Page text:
Each year, the World Economic Forum selects 40 outstanding young scientists from around the world to participate alongside global business and political leaders in the Annual Meeting of the New Champions. These scientists are selected from a wide range of disciplines and deliver updates on the latest trends and developments from various branches of science.
This year, Dr Kirill Veselkov and Dr Jia Li were nominated and successfully selected to join the Young Scientist programme in China. Both attended the Annual Meeting of the New Champions, which took place on 9-11th September in Dalian, People’s Republic of China.
Dr Kirill Veselkov, Lecturer in Computational Medicine, said ‘The event was truly impressive, and was attended by high profile guests from all key stakeholder groups in translational science including senior statesmen, policy makers, entrepreneurs and scientists, regulatory organisations and publishing groups. The panel sessions and live debates were very interesting and showcased the work of the brightest young scientists in the world. The meeting was also a fantastic opportunity for me to expand my network of international collaborators for the future.
Dr Jia Li, Lecturer in Computational Medicine wrote: “I was really honoured to be selected to attend this Annual Meeting and it was a fantastic and unforgettable experience. The format of the meeting was dynamic and interactive. As a basic scientist working in biomedical research, my favourite sessions at the conference were held at the Health Dome and the IdeasLab. In the Health Dome, we had interesting discussions about current and future health issues and policies and it was great to hear the opinions from people of different backgrounds. The presentations given at the Ideas Lab were impressive and I’d like to congratulate the Synthetic Biology team, who performed an excellent session there. After the meeting at Dalian, I was also invited to attend an IC alumni event in Beijing on the 12th September. It was a great pleasure to meet both IC alumni of 30 years, as well as prospective IC students.”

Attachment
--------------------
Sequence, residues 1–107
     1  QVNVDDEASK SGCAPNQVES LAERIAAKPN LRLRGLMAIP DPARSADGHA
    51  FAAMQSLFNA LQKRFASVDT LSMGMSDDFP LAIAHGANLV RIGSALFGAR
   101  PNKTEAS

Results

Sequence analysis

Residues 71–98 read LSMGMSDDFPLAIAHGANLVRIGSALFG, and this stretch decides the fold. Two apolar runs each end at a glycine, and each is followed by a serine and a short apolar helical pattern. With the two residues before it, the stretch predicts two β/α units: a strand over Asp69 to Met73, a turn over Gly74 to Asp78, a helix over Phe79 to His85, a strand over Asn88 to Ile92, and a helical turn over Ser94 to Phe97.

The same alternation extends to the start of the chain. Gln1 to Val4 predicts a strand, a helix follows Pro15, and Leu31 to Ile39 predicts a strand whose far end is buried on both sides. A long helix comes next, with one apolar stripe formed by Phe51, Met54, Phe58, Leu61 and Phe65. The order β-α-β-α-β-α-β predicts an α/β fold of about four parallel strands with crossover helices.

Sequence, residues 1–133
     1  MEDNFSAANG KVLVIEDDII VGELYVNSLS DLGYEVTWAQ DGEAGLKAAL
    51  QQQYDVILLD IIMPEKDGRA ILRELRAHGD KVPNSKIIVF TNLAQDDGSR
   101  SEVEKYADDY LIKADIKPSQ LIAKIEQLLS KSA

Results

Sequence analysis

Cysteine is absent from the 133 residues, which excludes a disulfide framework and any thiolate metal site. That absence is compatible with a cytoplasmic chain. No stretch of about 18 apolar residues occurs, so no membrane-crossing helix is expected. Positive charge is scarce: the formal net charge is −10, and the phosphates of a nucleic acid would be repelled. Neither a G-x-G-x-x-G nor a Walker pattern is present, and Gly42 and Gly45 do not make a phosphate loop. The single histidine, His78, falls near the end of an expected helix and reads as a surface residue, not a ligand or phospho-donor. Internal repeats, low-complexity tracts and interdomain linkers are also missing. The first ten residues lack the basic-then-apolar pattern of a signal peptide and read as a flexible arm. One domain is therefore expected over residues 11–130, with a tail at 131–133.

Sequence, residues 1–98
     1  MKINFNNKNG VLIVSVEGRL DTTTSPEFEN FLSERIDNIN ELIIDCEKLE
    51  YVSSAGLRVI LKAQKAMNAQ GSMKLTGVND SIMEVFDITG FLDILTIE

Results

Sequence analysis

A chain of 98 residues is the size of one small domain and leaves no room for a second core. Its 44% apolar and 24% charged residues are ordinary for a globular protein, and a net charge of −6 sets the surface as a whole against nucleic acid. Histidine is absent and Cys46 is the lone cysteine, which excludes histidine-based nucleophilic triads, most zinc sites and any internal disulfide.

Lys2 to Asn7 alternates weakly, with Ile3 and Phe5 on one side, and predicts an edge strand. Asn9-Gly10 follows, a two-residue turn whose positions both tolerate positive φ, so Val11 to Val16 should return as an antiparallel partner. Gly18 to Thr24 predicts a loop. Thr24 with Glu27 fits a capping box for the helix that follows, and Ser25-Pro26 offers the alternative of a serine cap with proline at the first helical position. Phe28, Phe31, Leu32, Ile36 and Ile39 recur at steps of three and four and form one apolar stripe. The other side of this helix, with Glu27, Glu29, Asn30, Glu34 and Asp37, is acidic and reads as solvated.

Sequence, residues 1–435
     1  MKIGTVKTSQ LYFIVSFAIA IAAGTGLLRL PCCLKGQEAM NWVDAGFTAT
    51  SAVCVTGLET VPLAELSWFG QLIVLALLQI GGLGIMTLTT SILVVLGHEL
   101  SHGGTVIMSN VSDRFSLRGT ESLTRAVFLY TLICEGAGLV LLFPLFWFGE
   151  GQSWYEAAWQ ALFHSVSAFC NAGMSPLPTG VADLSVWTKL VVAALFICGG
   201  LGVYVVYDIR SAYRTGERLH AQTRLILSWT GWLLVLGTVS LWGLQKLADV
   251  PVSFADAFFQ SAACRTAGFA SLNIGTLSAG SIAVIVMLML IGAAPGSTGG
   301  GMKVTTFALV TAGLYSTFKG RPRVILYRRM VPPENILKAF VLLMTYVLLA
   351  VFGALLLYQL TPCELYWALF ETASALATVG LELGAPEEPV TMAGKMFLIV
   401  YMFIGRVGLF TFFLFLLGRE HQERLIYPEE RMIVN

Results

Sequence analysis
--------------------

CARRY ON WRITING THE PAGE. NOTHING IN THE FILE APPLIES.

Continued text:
Key points to emerge from this year’s meeting included the announcement that a European Innovation Council (EIC) is likely to be created within the next few years to encourage applied, commercially-driven research, and the statement from NIH that there would be a continued shift from “project based” to “person based” funding with more grants being awarded to individual investigators.
Nature Publishing Group also announced plans for a double-blind peer-review model, with the possibility for authors to withhold their names and affiliations from reviewers. It is likely that an open, interactive peer-review process would be introduced to some of the Nature journals early next year.
Detailed dialogue was also held between all major stakeholders regarding the global economic downturn, the anticipated impact this will have on research funding over the next few years, and potential measures to counteract this slowdown.